India at London 2012: Are the expectations weighing us down?

Olympics Day 1 - Boxing

LONDON, ENGLAND – JULY 28: Shiva Thapa of India

A good start is half the job done. Late starters, we are, and our failure to press on a good start may severely hurt our chances of making this Olympics our best-ever. Day two of the Olympics brought gloom, despair and agony among the large Indian public who were expecting our athletes to glow in the glory of having a billion beats behind them. It wasn’t the losses that dented the confidence of our fans but the manner of abject surrender, in some instances, and failure to wrest control in others which is rubbing them.

The male archers, having had a forgettable day on Friday, had a chance at redemption. They threw the healthy lead against Japan to lose in a tie-break. Little counts (our world cup wins, rankings) when you fail to perform at the greatest sporting show on earth. Our mixed doubles Badminton pair of Jwala Gutta and V Diju were at a loss of words as to what hit them like a tsunami in their defeat against the Indonesian pair in their Group C encounter. They still have a chance to qualify for the quarter-finals but they have made their path difficult by putting up a dispiriting show.

Similarly, Sania Mirza who partnered Rushmi Chakarvarthi in the women doubles event of Tennis, failed to shine as a team, going down to the more experienced Chinese Taipei pair in the first round. In the run-up to the Olympics, Sania had created a storm by arguing that she was used as ‘bait’ to please the top-two Indian male players, who were involved in an ego tussle. Later, she defended her mother from critics who questioned Naseema Mirza’s credentials to be named in the tennis team as a ‘manager’. It will be only her performance which will be able to silence millions of fans, who are already questioning her professionalism in the social media.

Then there was the performance of 19-year-old young paddler, Ankita Das who went down to her Spanish opponent 1-4. It wasn’t expected of her to create miracles but she failed to wrest control of key moments in her match, showing the lack of self-belief. For fans who don’t know, India entered the Table Tennis singles event of Olympics through South Asian quota place, defeating much lower ranked opponents of countries such as Pakistan, Sri Lanka and Bangladesh.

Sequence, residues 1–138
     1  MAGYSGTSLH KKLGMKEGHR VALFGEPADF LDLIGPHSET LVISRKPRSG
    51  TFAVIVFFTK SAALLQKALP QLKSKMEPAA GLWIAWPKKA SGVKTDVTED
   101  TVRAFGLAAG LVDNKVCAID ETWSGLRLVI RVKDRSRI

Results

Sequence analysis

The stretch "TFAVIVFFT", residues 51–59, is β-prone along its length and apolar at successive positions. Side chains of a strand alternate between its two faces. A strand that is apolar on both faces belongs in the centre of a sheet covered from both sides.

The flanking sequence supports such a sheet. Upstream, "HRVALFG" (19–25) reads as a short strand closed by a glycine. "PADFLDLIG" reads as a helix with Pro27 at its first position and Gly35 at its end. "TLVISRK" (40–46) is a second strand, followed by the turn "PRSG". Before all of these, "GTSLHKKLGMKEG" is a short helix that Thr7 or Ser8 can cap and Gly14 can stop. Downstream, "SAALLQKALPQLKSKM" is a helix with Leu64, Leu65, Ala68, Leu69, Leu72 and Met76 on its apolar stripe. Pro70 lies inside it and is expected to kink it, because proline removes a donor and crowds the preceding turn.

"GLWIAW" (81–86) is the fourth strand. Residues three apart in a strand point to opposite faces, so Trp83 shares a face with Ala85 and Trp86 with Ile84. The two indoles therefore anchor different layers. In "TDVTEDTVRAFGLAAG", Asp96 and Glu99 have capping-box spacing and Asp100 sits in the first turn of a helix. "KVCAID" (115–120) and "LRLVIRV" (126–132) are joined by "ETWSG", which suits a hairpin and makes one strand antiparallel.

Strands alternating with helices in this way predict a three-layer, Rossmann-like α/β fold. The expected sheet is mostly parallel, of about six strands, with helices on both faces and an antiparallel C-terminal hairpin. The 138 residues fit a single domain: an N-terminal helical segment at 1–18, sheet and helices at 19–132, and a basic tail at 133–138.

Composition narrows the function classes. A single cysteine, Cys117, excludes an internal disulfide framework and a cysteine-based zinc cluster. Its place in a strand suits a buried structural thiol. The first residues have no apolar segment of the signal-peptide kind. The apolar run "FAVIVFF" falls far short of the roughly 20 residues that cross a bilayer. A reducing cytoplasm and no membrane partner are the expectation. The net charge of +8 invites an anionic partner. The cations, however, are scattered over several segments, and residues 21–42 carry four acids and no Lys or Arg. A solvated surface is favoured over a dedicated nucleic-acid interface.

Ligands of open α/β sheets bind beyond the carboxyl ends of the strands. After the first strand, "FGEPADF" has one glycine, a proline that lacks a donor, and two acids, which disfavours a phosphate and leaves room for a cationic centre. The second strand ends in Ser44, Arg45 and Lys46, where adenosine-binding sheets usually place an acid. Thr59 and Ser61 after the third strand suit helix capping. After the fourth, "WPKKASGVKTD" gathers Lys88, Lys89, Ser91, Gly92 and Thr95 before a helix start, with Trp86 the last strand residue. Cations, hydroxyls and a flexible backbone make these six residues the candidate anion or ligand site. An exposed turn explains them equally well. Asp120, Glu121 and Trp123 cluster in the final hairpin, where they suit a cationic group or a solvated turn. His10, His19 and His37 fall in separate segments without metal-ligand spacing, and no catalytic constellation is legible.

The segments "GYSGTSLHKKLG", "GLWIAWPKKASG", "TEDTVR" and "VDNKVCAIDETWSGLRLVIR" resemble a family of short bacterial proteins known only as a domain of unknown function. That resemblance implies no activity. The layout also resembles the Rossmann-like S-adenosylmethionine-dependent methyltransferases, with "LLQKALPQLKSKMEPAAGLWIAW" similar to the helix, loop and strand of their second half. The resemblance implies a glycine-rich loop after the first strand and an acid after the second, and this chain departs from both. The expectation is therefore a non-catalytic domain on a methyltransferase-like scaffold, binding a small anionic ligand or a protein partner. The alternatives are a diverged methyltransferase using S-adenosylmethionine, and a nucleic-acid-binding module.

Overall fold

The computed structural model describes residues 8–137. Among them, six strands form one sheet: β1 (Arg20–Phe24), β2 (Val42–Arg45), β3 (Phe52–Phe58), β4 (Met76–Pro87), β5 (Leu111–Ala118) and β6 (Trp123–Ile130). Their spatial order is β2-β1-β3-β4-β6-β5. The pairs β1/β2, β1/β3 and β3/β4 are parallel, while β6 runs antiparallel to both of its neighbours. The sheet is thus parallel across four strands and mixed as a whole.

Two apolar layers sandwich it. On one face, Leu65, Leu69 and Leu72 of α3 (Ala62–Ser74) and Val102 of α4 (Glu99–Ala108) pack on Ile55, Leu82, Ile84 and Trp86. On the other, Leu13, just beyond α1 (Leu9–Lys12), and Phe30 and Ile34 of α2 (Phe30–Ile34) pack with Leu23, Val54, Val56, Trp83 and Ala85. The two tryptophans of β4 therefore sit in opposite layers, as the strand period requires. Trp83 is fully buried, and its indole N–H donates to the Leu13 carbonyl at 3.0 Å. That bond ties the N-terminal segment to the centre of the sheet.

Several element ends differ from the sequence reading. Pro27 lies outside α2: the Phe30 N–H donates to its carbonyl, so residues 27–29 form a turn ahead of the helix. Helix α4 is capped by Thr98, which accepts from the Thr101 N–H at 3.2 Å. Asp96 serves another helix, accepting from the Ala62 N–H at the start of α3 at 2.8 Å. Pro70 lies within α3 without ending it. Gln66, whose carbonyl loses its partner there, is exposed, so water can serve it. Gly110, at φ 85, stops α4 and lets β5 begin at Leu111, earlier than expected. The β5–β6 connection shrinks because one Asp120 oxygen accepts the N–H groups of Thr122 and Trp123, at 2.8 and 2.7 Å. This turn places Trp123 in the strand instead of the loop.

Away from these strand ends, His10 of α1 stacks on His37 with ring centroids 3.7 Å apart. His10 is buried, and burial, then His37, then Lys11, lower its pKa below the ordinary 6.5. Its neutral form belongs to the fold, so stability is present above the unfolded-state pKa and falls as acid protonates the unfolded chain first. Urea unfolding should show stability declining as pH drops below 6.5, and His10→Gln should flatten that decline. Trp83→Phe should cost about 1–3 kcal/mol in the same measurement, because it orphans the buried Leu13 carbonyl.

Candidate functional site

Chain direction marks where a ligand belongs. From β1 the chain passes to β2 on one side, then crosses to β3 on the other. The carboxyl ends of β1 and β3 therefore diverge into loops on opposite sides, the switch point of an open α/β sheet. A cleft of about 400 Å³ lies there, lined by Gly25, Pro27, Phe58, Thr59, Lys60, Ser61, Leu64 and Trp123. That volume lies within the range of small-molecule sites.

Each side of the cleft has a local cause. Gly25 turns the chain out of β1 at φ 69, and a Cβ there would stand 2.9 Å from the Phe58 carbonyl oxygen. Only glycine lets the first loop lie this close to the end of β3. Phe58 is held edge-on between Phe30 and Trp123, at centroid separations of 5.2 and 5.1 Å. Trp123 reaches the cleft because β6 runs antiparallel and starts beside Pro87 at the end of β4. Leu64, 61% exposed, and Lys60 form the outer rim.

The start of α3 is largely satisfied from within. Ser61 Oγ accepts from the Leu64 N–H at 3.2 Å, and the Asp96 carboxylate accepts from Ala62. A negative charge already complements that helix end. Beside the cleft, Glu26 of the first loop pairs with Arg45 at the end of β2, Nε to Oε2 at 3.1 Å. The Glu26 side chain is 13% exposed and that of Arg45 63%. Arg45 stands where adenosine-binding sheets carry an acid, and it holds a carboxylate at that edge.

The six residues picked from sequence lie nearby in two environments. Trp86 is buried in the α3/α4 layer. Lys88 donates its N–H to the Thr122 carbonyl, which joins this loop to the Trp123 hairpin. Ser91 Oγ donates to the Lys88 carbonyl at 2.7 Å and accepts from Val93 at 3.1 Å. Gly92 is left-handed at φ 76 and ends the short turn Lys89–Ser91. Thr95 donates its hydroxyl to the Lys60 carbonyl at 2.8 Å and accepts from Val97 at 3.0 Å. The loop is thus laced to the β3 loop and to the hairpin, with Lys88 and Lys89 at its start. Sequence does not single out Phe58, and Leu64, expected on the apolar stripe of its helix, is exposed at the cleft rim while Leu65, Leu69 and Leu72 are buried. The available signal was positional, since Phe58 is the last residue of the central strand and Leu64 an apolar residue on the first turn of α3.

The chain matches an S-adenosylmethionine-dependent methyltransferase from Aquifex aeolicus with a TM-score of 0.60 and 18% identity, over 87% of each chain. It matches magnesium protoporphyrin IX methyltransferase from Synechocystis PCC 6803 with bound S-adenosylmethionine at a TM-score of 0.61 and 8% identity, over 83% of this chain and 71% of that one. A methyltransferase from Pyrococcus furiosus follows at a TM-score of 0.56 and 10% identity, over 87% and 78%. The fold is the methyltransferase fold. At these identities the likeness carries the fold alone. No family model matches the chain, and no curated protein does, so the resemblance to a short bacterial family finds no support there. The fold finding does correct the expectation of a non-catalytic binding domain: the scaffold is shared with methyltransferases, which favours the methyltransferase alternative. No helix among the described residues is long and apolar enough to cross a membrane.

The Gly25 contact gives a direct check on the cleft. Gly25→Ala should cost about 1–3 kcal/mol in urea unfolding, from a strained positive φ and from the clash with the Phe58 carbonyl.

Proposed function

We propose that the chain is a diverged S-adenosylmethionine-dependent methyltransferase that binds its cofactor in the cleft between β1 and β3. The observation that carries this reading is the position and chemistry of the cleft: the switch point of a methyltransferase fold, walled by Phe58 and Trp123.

India’s teen boxing sensation Shiva Thapa too lost in the first round against his Mexican rival Oscar Valdez Fierro in the bantamweight category. Much was expected from Thapa, it looked that the pressure of playing his first Olympics and public expectations led to his downfall. In the weightlifting, Soniya Chanu gave her best to lift a total of 171Kg (74Kg + 97Kg) but she could finish only seventh in the 48Kg category. Her 74Kg lift in the snatch wasn’t good enough at this level to win a medal, the Chinese who won the gold, lifted a total of 205Kg (91Kg + 114 Kg). She was 34Kg off the mark, which shows we are going down in our weightlifting standards. A number of doping cases and failure to raise the profile of sport after Karnam Malleshwari won the bronze in 2000 Sydney Olympics have led to a decline in standards.

In Shooting, Vijay Kumar had a poor outing finishing 31st in men’s 10m air pistol. He was way off the mark, even a creditable display outside the final-eight could have given a lot of confidence to the much-fancied shooters who will be testing their mettle in the next couple of days.

The bright spots came on a gloomy day from star Boxer Vijender Singh (who entered the round of 16), young Shuttler P Kashyap (who won his Group D match) and promising paddler Soumyajit Ghosh (who entered the round of 64). Disgruntles have already begun pouring on the social media with fans ridiculing the hype in the lead to the Olympics. A fan has tweeted that with Kabaddi not included in the Games, our chances of winning a sure shot medal is gone. More such voices will grow with each passing day at the Games, till we win a medal.

A lot will be expected from women archers on the third day, a good performance will go a long way in lifting the low morale of our Indian camp. A fighting performance from the whole Indian contingent (be it in Badminton, Shooting, Tennis or Table Tennis) can easily set the tone for a better finish. Let’s see if we can make it a super Sunday!

By Aman Dhall

(The author is Co-founder & Partner, Pro4Sport Solutions, a high-performance coaching firm that trains young athletes in the sport of Basketball, Cricket, Football and Table Tennis)

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Edited by Staff Editor
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